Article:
Sunday, October 10, 2010

It Wasn't Supposed To Be This Way

 19-21I'll never forget the trouble, the utter lostness,
   the taste of ashes, the poison I've swallowed.
I remember it all—oh, how well I remember—
   the feeling of hitting the bottom.
But there's one other thing I remember,
   and remembering, I keep a grip on hope: (Lamentations 3:19-21, The Message)

At the library Thursday night I found a book by Kay Arthur entitled When the Hurt Runs Deep. No stranger to pain (her first husband was a suicide victim) Arthur titles her first chapter "It Wasn't Supposed to Be This Way".

Which coincidentally has been the title of my latest litany to God. From Monday on I have emphasized over and over to Him how the church is supposed to be the last place on earth that someone gets hurt. How that walking into a church shouldn't make me have panic attacks.

Dealing with resulting pain from other's choices isn't easy. Arthur doesn't hold any punches as she relates stories of a woman impregnated by her dad, a girl molested for eight years by her pastor father. Another mother of a suicide victim wrote:
Everyone said he was the strongest Christian they knew, so it is almost impossible to understand. my other child is...very ill. Why do these things happen? I had it we are left with rubble. Does God care?
Arthur writes:
This woman's questions are ones we all wrestle with at times...Why us? Why now? Does God care?

A technique I tried (unsuccessfully) to deal with the pain and questions was to measure my pain against others, such as this breaved mother. "At least all my family made it out of the cult alive." The thought in itself is fine and true. I can be thankful that no family members were a suicide victim in the cult.

The thought in its completeness was this: "No family member lost their life to the cult. Therefore there are others who have greater losses than me and deserve the right to mourn and ask questions."

And the Pharisee me pops back into light: everything from pain to righteous acts are measured on a scale and I don't measure up.

This line of thinking was promoted by the pastor of the Dade City church. I was called in the office once and berated because I was worried about a family member that had a broken arm. I was told that there were members of the church suffering so much more (the members happened to be her 'special' 'family' members) and that they had the right to be worried about family circumstances. My pain didn't measure up. I didn't deserve to worry.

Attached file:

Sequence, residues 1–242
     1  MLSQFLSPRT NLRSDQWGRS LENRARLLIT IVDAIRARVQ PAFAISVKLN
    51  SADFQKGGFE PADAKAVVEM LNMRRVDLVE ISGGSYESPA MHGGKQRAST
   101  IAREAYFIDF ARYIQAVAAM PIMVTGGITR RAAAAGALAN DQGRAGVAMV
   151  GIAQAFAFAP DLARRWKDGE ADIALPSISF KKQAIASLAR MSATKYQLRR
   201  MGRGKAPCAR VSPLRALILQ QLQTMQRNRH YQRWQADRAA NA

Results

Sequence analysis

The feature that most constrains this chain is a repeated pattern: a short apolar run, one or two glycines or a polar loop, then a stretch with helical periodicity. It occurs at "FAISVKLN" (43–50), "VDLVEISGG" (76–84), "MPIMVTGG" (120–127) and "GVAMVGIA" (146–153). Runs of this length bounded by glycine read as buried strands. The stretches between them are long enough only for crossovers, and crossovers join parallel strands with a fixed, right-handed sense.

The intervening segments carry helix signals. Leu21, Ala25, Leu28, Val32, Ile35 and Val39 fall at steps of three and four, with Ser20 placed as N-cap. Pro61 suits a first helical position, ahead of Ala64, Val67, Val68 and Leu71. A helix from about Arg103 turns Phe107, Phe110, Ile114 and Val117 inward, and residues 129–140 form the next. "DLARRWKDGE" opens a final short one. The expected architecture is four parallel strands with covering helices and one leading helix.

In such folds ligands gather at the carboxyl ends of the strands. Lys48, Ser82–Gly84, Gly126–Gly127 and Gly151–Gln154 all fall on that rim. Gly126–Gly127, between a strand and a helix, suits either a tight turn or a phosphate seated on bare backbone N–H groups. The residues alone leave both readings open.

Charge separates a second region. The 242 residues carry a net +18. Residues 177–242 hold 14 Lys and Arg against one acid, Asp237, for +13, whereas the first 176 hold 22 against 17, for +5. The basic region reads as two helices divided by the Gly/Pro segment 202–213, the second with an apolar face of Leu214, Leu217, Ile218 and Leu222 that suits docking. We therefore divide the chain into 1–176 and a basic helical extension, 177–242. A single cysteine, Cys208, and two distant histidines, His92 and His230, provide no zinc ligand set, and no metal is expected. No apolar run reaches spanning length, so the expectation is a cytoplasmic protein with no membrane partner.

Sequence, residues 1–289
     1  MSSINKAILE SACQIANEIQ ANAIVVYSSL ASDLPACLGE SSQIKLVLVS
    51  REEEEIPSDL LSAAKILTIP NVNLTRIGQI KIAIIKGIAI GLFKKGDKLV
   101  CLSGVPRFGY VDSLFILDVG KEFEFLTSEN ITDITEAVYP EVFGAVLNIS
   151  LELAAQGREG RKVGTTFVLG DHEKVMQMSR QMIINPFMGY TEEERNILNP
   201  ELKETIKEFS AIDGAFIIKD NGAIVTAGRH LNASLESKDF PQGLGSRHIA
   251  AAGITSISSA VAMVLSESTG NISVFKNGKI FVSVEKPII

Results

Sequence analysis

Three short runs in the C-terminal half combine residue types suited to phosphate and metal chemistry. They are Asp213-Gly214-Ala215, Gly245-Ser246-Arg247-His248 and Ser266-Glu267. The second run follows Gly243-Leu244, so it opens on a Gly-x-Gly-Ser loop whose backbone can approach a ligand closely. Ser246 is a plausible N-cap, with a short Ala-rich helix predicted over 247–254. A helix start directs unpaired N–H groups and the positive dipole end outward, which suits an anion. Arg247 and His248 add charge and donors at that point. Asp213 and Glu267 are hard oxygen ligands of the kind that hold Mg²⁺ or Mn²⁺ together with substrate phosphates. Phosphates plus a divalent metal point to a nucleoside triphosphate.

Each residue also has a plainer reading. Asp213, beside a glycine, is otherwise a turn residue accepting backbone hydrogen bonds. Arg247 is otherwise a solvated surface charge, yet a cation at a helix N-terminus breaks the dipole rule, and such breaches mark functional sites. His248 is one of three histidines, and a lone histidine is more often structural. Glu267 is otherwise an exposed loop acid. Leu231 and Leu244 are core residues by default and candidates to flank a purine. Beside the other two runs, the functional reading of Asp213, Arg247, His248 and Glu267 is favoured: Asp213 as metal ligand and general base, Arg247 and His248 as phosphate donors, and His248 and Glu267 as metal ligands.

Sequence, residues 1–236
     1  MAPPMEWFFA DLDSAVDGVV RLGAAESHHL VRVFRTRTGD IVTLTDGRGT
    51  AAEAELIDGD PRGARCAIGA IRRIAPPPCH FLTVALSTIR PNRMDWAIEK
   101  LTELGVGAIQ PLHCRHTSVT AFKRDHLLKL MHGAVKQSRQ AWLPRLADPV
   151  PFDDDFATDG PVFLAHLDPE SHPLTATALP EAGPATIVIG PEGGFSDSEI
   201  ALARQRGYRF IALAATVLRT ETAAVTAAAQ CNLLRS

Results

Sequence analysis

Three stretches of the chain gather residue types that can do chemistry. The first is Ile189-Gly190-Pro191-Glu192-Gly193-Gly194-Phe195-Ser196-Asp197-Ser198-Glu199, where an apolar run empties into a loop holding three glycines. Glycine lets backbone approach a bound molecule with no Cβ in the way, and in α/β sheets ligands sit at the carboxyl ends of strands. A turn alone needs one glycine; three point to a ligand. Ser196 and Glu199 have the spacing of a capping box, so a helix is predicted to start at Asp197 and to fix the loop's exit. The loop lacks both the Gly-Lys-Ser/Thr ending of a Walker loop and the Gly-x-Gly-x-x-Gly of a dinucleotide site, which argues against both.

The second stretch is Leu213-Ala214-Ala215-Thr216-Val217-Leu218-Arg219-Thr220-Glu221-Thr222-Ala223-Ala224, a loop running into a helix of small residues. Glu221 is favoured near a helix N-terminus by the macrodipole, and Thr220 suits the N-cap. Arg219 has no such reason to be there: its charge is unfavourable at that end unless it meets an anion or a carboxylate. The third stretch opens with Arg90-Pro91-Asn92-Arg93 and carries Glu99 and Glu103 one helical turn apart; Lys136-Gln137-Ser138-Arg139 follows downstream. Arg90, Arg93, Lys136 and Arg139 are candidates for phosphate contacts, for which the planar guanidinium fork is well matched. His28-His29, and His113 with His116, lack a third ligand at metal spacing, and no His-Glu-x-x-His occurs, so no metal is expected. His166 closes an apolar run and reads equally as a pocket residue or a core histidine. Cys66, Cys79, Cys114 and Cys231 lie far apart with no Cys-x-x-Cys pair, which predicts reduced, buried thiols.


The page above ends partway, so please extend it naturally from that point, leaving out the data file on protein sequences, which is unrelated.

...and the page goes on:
Just another of her devilishly brilliant tactics: If you take away the person's "right" to feel pain they never bother questioning God why the pain is there. Take God and the need or "right" to ask God questions out of the equation and who's left? The cult leader...standing where she always meant to stand: In God's place. The pain of life is too much to take by yourself and since you don't have the "right" to talk to God about it you would end up talking to her.

Wow! I just realized once again how incredibly twisted this woman was and unfortunately still is...she is a true witch!

So maybe that's the point of this portion of pain...I finally figured out that I have the "right" to talk to God about it. I'll tell Him again today how I am tired of the fall out from a sick, narcissistic woman's need for control. I'll ask again when He is going to stop her evilness. I'll beg Him to give me a day off from all the questions...a day to just be.

David had to understand. He talks about hiding in God's presence in Psalms 91...hiding from deadly traps and hidden arrows under God's arms. God tells him:

14-16 "If you'll hold on to me for dear life," says God,
      "I'll get you out of any trouble.
   I'll give you the best of care
      if you'll only get to know and trust me.
   Call me and I'll answer, be at your side in bad times;
      I'll rescue you, then throw you a party.
   I'll give you a long life,
      give you a long drink of salvation!" (
Psalm 91:14-16, The Message)

I'll keep a grip on hope. I have the right to communicate with a heavenly Father about the fall out. I don't know why everything is "this way". It wasn't supposed to be this way. But as Jeremiah said:

 22-24God's loyal love couldn't have run out,
   his merciful love couldn't have dried up.
They're created new every morning.
   How great your faithfulness!
I'm sticking with God (I say it over and over).
   He's all I've got left.
 25-27God proves to be good to the man who passionately waits,
   to the woman who diligently seeks.
It's a good thing to quietly hope,
   quietly hope for help from God.
It's a good thing when you're young
   to stick it out through the hard times.
 28-30When life is heavy and hard to take,
   go off by yourself. Enter the silence.
Bow in prayer. Don't ask questions:
   Wait for hope to appear.
Don't run from trouble. Take it full-face.
   The "worst" is never the worst. (Lamentations 3:22-30, The Message)

I'm sticking with God...I'll say it over and over.

 31-33Why? Because the Master won't ever
   walk out and fail to return.
If he works severely, he also works tenderly.
   His stockpiles of loyal love are immense.
He takes no pleasure in making life hard,
   in throwing roadblocks in the way: (Lamentations 3:31-32, The Message)

I would remind the pastor of the Dade City church of the next verse:

 34-36Stomping down hard
   on luckless prisoners,
Refusing justice to victims
   in the court of High God,
Tampering with evidence—
   the Master does not approve of such things. (Lamentations 3:34-36, The Message)
photo by fortschreitend of Parkersburg tornado damage

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